MLA has represented constituency of Langford-Juan de Fuca and its predecessors since 2005

Soccer ball stock shot
Quw’utsun FC improves to 2-0

Five different players score in win over Peninsula

Carrots from seed harvested in 2018. (Mary Lowther photo)
Mary Lowther column: Carrots: from seed to storage

Our sandy soil dries out quickly and I find I can sow carrots usually mid-April

B.C. provincial health officer Dr. Bonnie Henry gives a daily briefing on COVID-19 cases at an almost empty B.C. Legislature press theatre in Victoria, B.C., on March 25, 2020. (Don Craig/B.C. government)
B.C. sees 223 new COVID-19 cases, now 2,009 active

Two new care home outbreaks in Surrey, Burnaby

Canada’s Chief Public Health Officer Theresa Tam responds to a question during a news conference Friday October 23, 2020 in Ottawa. Canada’s top physician says she fears the number of COVID-19 hospitalizations and deaths may increase in the coming weeks as the second wave continues to drive the death toll toward 10,000. THE CANADIAN PRESS/Adrian Wyld
Canada’s top doctor warns severe illness likely to rise, trailing spike in COVID-19 cases

Average daily deaths from virus reached 23 over the past seven days, up from six deaths six weeks ago

Is it time to start thinking about greener ways to package cannabis?

Packaging suppliers are still figuring eco-friendly and affordable packaging options that fit the mandates of Cannabis Regulations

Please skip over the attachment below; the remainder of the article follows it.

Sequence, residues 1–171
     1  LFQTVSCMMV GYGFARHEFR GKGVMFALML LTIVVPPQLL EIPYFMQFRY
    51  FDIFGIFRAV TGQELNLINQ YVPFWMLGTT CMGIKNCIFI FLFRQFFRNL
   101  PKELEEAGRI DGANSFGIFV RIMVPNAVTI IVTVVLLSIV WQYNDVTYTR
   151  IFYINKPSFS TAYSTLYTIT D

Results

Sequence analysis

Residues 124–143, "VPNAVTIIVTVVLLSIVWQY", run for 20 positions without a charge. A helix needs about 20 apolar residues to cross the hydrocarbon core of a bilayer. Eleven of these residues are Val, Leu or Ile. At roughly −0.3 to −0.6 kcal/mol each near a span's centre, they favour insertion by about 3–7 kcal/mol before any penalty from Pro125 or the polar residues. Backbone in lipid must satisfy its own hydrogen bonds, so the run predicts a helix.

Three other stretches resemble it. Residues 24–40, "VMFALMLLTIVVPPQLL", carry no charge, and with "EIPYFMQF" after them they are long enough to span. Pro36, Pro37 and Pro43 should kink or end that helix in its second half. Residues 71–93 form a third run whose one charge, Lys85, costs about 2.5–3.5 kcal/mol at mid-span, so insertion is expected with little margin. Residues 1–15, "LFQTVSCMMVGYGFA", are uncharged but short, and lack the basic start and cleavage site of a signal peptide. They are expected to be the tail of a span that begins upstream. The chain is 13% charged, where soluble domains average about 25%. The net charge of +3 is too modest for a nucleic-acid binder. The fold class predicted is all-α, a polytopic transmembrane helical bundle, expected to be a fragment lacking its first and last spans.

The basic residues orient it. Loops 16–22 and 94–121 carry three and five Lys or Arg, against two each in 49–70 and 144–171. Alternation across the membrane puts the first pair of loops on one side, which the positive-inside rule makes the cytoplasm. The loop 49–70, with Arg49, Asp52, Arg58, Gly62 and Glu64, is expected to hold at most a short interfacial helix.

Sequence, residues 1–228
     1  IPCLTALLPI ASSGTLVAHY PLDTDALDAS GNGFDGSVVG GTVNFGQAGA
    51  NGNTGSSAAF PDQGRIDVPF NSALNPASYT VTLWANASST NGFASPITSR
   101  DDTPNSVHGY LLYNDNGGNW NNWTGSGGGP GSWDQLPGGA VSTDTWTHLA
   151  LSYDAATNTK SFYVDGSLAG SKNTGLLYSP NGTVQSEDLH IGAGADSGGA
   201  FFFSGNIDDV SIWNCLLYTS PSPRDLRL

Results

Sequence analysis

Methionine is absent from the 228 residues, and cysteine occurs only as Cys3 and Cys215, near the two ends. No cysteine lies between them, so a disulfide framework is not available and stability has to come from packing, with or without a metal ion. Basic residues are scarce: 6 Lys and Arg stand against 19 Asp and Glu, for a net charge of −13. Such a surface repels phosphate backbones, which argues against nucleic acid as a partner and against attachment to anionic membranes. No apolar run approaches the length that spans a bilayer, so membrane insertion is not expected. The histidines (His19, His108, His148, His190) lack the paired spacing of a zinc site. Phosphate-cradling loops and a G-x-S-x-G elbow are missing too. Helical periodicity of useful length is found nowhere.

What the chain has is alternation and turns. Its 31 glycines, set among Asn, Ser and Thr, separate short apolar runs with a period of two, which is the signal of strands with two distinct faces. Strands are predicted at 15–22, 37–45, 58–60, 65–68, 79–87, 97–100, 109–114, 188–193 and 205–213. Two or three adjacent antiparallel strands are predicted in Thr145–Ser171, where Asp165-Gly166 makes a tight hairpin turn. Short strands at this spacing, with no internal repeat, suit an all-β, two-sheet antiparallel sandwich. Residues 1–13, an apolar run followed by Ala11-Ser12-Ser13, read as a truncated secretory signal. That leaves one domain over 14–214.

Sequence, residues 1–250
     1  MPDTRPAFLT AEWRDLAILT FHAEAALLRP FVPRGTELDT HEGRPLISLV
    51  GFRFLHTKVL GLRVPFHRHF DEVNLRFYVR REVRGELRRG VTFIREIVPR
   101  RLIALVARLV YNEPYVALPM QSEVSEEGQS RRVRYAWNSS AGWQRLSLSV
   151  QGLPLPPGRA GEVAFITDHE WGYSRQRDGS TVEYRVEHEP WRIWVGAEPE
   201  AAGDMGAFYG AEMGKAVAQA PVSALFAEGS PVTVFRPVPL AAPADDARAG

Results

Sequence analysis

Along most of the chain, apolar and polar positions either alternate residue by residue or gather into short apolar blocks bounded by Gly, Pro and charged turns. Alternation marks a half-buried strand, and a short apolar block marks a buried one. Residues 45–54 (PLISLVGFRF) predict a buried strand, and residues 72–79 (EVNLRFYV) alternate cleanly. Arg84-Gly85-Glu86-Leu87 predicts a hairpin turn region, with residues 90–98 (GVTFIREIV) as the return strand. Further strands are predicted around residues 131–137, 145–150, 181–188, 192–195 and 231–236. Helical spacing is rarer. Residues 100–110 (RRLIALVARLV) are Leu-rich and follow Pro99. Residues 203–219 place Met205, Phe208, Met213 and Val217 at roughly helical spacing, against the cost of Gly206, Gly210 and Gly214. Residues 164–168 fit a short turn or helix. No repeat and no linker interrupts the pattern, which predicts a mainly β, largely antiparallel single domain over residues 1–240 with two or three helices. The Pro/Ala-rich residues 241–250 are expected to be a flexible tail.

Join Black Press Media and Do Some Good

Pay it Forward program supports local businesses in their community giving

100 Mile Conservation officer Joel Kline gingerly holds an injured but very much alive bald eagle after extracting him from a motorist’s minivan. (Photo submitted)
B.C. driver thought he retrieved a dead bald eagle – until it came to life in his backseat

The driver believed the bird to be dead and not unconscious as it turned out to be

Chastity Davis-Alphonse took the time to vote on Oct. 21. B.C’s general Election Day is Saturday, Oct. 24. (Chastity Davis-Alphonse Facebook photo)
B.C. reconciliation advocate encourages Indigenous women to vote in provincial election

Through the power of voice and education Chastity Davis-Alphonse is hopeful for change

White Rock RCMP Staff Sgt. Kale Pauls has released a report on mental health and policing in the city. (File photos)
White Rock’s top cop wants to bill local health authority for lengthy mental-health calls

‘Suggestion’ included in nine-page review calling for ‘robust’ support for healthcare-led response

A Le Chateau retail store is shown in Montreal on Wednesday July 13, 2016. Le Chateau Inc. says it is seeking court protection from creditors under the Companies’ Creditors Arrangement Act to allow it to liquidate its assets and wind down its operations.THE CANADIAN PRESS/Ryan Remiorz
Clothing retailer Le Chateau plans to close its doors, files for CCAA protection

Le Chateau said it intends to remain fully operational as it liquidates its 123 stores

Most Read